Address disparities and promote equity in COVID-19 testing and mitigation: CDC will invest $2.25 billion to address COVID-19-related health disparities and advance health equity among high-risk and underserved populations, including racial and ethnic minority groups and people living in rural areas. This funding represents CDC’s largest investment to date to support communities affected by COVID-19-related health disparities. Grants to public health departments will improve testing and contact tracing capabilities; develop innovative mitigation and prevention resources and services; and, improve data collection and reporting to advance health equity and address social determinants of health as they relate to COVID-19.
Provide clear guidance for implementation of testing, including screening testing: CDC is releasing updated testing guidance to provide recommendations for how to use screening testing to identify, track, and mitigate asymptomatic transmission of COVID-19. The guidance will provide information on the categories of tests used to detect COVID-19 and the intended strategies for use of those tests, including to diagnose infection, to screen in an effort to reduce asymptomatic or pre-symptomatic transmission, and to monitor trends in infection. This guidance also includes considerations for health equity in testing; choosing a test; and guidance for specific settings (e.g., non-healthcare workplaces, correctional facilities, shelters and other settings).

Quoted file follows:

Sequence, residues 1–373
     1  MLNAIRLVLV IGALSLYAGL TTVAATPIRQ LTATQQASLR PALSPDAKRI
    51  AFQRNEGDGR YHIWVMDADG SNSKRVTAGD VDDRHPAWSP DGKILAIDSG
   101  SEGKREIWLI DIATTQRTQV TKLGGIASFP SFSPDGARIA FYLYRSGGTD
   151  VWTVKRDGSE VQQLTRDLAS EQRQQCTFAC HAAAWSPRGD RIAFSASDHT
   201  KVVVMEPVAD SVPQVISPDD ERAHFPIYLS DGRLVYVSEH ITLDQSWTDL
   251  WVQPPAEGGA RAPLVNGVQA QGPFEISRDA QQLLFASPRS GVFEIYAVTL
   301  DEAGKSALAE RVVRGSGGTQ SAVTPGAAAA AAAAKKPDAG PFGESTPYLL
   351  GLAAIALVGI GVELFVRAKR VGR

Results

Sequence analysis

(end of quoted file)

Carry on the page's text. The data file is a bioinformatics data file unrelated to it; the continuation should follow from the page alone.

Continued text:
Support asymptomatic screening testing: This week, the Food and Drug Administration (FDA) provided new recommendations and information for test developers to streamline the path to emergency use authorization (EUA) for screening tests. The recommendations apply to test developers who seek an EUA from the FDA for screening tests with serial testing. FDA may authorize certain tests, including those currently authorized for diagnosing COVID-19, for screening with serial testing prior to test developers conducting certain performance evaluations with asymptomatic individuals. This may include authorizing point-of-care and at-home COVID-19 tests for over-the-counter use. FDA also has released a fact sheet to assist schools, workplaces, communities, and others looking to establish testing programs to screen asymptomatic individuals as they are selecting a test for screening. These actions are intended to expand the availability of tests authorized for screening asymptomatic individuals, help bolster existing and new testing programs, and increase consumer access to testing